Writing Newspaper Articles in Your Homeschool - Meredith Curtis

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Writing Newspaper Articles in Your Homeschool

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newspaper article

 

“What was your favorite homeschool co-op class this past year?” I asked Martha.

“I loved the newspaper class!” she gushed. “I loved seeing my articles in the newspapers we made!”

As we chatted, I found my mind wandering back to the reasons we had a newspaper writing class to being with. You see, there were several kids middle-school-age students who were really struggling to focus in their writing. I came up with writing newspaper articles as a way to help them learn to write clearly.

When a reporter writes an article, he is retelling an event. It is like telling a story, except it is true, so our reporter has to get his facts right.

Why is writing newspaper articles such a great way to teach writing?

Well, to start with every newspaper article begins with a lead. A lead tells the reader, Who, What, When, and Where. That is a lot of information packed into one sentence. It means they have to narrow down all the pertinent information to one sentence.

Just that exercise alone helps students to bring focus to their writing and think about who they want to talk about in their article, what they were doing, where they were doing it, and when it happened.

Try it right now. Think of an incident from yesterday and make up your own lead in your head.

My neighbor Carleen showed up unexpectedly at our church service last night at 7 p.m.

After the first sentence, the second sentence goes into the why of the incident you are reporting on.

Now comes the investigating.

Did my neighbor walk or drive?

Did she come because she was lonely? Or needed prayer? Or lost her dog and wanted us to help her find him when we got home?

Our student reporter must now narrow down the why and how to one clear sentence.

You see, in a newspaper article, the reader should be able to know all the pertinent information of the event in the first paragraph. It should drive the reader on to know the details.

 

 

I was excited to see how Martha’s writing had improved, and she became a better communicator as she learned to figure out what was most important for the reader to know and communicate it clearly.

You can add writing newspaper articles to history, or science, or Bible classes quite easily.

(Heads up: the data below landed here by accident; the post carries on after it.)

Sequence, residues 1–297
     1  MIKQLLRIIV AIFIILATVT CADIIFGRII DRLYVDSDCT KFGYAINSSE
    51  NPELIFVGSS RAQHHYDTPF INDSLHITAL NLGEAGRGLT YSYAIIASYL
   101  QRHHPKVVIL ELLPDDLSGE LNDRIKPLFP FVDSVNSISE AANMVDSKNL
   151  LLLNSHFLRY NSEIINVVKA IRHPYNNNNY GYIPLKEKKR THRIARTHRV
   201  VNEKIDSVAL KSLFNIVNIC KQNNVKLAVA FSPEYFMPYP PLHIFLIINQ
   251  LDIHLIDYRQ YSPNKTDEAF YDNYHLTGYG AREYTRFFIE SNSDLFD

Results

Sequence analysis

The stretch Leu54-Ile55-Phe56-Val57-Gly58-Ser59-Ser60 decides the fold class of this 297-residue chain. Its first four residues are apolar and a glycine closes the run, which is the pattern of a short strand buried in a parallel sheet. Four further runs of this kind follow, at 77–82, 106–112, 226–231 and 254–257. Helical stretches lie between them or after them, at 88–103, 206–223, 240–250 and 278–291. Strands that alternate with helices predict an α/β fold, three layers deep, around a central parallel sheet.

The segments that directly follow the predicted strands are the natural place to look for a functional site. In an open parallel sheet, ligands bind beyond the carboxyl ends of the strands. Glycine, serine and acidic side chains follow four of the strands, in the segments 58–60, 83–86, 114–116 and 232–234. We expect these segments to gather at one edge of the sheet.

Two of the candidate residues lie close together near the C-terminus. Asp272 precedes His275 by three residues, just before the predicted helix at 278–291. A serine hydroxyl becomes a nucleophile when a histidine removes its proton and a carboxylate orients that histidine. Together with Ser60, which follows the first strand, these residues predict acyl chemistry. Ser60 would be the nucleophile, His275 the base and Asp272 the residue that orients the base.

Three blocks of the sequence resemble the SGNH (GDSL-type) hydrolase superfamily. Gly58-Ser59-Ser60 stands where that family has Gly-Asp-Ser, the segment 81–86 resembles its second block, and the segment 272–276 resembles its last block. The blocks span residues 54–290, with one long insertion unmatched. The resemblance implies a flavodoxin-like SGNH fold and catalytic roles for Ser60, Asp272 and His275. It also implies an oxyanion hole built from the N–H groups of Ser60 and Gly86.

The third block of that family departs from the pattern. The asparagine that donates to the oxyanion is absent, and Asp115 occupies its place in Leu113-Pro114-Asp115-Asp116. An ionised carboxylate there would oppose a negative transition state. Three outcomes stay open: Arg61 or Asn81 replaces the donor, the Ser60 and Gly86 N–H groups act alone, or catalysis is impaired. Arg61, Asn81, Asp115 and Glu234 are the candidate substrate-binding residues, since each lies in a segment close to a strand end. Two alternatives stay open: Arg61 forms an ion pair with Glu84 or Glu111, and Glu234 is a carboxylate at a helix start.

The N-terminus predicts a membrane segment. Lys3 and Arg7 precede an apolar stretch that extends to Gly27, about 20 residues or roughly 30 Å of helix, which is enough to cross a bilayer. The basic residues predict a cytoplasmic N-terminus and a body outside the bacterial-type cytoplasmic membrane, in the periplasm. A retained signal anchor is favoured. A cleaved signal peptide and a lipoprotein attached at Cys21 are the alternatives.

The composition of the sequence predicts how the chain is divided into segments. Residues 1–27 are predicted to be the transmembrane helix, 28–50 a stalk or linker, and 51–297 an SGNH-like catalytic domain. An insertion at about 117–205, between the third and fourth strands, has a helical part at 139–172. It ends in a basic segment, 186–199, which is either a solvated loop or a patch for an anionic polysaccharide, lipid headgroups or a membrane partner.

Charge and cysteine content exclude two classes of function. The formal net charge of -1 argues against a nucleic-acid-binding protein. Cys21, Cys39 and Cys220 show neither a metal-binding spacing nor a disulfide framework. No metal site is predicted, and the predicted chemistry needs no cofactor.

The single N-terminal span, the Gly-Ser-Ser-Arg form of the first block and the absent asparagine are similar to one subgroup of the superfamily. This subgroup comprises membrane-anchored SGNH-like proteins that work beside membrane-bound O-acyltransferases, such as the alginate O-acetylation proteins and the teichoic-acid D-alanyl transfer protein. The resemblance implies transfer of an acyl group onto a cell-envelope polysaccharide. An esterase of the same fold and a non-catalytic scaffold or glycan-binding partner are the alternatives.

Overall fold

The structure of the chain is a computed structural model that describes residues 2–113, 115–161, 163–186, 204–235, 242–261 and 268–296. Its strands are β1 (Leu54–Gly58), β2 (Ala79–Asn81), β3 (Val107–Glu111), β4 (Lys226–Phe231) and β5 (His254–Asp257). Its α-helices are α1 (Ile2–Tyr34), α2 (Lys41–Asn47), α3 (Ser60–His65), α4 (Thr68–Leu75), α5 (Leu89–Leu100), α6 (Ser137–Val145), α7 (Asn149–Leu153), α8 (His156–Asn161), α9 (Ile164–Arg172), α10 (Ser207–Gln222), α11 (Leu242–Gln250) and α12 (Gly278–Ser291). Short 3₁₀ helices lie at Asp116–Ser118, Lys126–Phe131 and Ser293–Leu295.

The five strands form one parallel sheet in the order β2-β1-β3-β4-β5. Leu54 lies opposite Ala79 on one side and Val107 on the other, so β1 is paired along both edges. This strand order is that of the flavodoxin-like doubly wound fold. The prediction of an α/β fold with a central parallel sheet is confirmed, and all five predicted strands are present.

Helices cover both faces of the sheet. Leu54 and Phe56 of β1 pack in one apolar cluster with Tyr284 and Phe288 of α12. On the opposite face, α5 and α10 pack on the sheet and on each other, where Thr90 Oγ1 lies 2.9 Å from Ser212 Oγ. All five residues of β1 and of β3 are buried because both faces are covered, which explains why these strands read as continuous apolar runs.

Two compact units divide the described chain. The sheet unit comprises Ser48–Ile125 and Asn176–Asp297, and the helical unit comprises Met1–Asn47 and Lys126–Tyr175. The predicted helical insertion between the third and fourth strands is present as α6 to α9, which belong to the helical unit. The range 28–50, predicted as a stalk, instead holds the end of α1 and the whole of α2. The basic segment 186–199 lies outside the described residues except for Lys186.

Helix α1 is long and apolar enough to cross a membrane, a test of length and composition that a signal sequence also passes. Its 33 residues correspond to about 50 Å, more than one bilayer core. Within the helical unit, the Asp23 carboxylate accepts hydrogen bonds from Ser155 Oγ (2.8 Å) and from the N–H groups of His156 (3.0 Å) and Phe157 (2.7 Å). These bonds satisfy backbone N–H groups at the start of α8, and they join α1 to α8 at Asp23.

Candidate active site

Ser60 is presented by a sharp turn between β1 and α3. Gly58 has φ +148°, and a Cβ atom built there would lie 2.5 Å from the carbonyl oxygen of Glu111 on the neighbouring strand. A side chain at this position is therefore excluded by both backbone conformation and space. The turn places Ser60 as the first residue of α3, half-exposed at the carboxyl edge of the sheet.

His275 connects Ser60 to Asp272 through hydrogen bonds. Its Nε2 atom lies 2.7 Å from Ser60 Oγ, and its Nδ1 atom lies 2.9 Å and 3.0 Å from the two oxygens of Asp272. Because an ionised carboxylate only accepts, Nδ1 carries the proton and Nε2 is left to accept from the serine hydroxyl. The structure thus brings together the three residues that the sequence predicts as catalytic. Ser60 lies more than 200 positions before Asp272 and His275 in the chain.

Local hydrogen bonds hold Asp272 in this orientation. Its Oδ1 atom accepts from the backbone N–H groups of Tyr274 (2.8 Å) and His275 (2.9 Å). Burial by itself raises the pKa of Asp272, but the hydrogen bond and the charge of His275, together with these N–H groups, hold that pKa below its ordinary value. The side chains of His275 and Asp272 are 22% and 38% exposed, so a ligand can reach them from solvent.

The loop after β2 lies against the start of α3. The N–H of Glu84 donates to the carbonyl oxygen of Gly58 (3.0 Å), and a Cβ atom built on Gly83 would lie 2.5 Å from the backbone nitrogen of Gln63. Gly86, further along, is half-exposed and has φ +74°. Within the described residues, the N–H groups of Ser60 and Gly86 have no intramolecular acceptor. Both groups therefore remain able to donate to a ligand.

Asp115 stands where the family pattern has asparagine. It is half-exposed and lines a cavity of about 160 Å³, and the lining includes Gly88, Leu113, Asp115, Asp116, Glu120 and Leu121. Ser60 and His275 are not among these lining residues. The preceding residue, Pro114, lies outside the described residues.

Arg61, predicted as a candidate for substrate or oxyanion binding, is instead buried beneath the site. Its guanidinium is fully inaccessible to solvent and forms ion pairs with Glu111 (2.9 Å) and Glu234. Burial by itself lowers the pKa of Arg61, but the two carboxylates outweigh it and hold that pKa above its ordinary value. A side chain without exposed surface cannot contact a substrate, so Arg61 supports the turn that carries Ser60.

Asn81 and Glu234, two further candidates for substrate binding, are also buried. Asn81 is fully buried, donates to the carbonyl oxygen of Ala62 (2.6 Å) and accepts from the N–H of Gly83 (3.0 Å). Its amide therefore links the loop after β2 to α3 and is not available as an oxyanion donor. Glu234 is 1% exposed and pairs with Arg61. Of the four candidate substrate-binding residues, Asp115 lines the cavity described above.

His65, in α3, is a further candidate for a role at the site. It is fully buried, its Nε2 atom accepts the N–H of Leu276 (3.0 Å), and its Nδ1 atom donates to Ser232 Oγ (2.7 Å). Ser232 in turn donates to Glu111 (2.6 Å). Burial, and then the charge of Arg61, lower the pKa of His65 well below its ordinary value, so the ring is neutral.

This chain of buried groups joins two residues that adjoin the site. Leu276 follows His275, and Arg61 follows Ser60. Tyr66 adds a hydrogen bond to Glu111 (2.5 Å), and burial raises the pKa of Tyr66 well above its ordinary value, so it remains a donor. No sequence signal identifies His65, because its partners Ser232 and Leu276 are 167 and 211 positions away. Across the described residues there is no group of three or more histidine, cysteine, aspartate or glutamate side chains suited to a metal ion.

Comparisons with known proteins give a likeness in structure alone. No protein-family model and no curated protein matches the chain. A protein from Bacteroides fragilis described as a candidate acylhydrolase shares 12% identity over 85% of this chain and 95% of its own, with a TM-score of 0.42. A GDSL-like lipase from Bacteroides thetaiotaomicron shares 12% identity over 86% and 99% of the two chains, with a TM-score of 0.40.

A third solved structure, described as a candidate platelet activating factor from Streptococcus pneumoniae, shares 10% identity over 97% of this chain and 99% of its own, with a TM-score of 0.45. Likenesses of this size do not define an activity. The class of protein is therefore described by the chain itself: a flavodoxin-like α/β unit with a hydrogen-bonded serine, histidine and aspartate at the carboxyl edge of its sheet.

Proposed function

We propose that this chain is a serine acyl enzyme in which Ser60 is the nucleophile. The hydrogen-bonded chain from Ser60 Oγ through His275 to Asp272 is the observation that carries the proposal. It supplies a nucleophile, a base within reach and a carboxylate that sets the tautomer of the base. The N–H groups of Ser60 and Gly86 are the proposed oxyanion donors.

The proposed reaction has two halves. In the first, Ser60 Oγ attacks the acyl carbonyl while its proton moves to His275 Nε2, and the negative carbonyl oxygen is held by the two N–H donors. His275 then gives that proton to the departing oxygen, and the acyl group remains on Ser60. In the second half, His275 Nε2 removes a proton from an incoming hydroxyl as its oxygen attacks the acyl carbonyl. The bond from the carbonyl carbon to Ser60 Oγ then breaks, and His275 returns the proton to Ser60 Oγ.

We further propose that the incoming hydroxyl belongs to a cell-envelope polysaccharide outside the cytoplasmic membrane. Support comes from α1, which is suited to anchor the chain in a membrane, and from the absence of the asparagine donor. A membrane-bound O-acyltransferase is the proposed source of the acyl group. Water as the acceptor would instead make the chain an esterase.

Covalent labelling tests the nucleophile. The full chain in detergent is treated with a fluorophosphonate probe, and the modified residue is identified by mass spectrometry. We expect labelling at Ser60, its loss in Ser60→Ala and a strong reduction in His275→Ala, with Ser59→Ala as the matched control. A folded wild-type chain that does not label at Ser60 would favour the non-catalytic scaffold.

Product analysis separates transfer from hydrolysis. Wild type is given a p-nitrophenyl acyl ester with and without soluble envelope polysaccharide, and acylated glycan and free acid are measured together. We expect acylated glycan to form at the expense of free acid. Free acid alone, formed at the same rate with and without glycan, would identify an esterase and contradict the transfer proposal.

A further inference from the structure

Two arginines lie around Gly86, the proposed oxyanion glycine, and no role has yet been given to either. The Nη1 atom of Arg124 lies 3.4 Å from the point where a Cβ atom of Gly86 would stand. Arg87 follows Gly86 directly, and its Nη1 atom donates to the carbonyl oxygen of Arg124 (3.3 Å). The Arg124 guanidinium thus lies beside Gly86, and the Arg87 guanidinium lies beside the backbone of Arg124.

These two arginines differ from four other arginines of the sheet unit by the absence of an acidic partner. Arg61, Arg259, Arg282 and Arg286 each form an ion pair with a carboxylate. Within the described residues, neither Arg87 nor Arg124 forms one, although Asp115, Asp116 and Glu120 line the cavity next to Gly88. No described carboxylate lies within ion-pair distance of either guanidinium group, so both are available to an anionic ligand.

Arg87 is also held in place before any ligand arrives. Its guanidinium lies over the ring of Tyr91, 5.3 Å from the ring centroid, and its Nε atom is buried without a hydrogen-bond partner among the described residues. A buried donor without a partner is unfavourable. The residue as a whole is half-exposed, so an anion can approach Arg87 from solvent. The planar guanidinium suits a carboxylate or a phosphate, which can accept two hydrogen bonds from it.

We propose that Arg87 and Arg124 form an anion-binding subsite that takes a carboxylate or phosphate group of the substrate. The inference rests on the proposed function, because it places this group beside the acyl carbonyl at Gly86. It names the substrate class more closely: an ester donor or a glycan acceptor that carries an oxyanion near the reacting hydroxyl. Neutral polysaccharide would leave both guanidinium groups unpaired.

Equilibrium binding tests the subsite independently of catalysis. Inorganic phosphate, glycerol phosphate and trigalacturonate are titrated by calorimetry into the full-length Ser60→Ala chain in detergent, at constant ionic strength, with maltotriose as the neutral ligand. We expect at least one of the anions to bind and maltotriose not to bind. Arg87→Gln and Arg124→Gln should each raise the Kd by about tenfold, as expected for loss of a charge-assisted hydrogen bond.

“Pretend you are a newspaper reporter, Alexa. Write an article on Jonah’s experience with the Assyrians of Ninevah. Now, Alexa has to take a detailed story of running from God, being swallowed by a fish, preaching, and seeing the people respond. What will Alexa’s lead be? Ah, now you see how challenging writing a lead is.

Though we are living in a time where the morning newspaper is disappearing across America, don’t forget about the skill of writing a newspaper article with a good lead. It’s a great skill for aspiring writers to learn.

 

Resources for Writing:

Teaching Little Ones to Write a Sentence

Benefits of Writing a Who-Dun-It

What I Teach in High School English Courses

Until next time, Happy Homeschooling,

Warmly,

Meredith Curtis

 

Meredith Curtis, homeschooling mom, writer, speaker, and publisher, loves to encourage families in their homeschooling adventure. She is the author of Americana Newspaper Reporting, Travel God’s World Geography, and HIS Story of the 20th Century. You can check out her books, curricula, unit studies, and Bible studies at PowerlineProd.com. Free Reading Lists for all ages are available at JSHomeschooling.com. Read her blogs at MeredithCurtis.com (http://www.meredithcurtis.com/blog) and PowerlineProd.com and listen to her at Finish Well Radio.

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"Train up a child in the way he should go and when he is old, he will not depart from it" (Proverbs 22:6).
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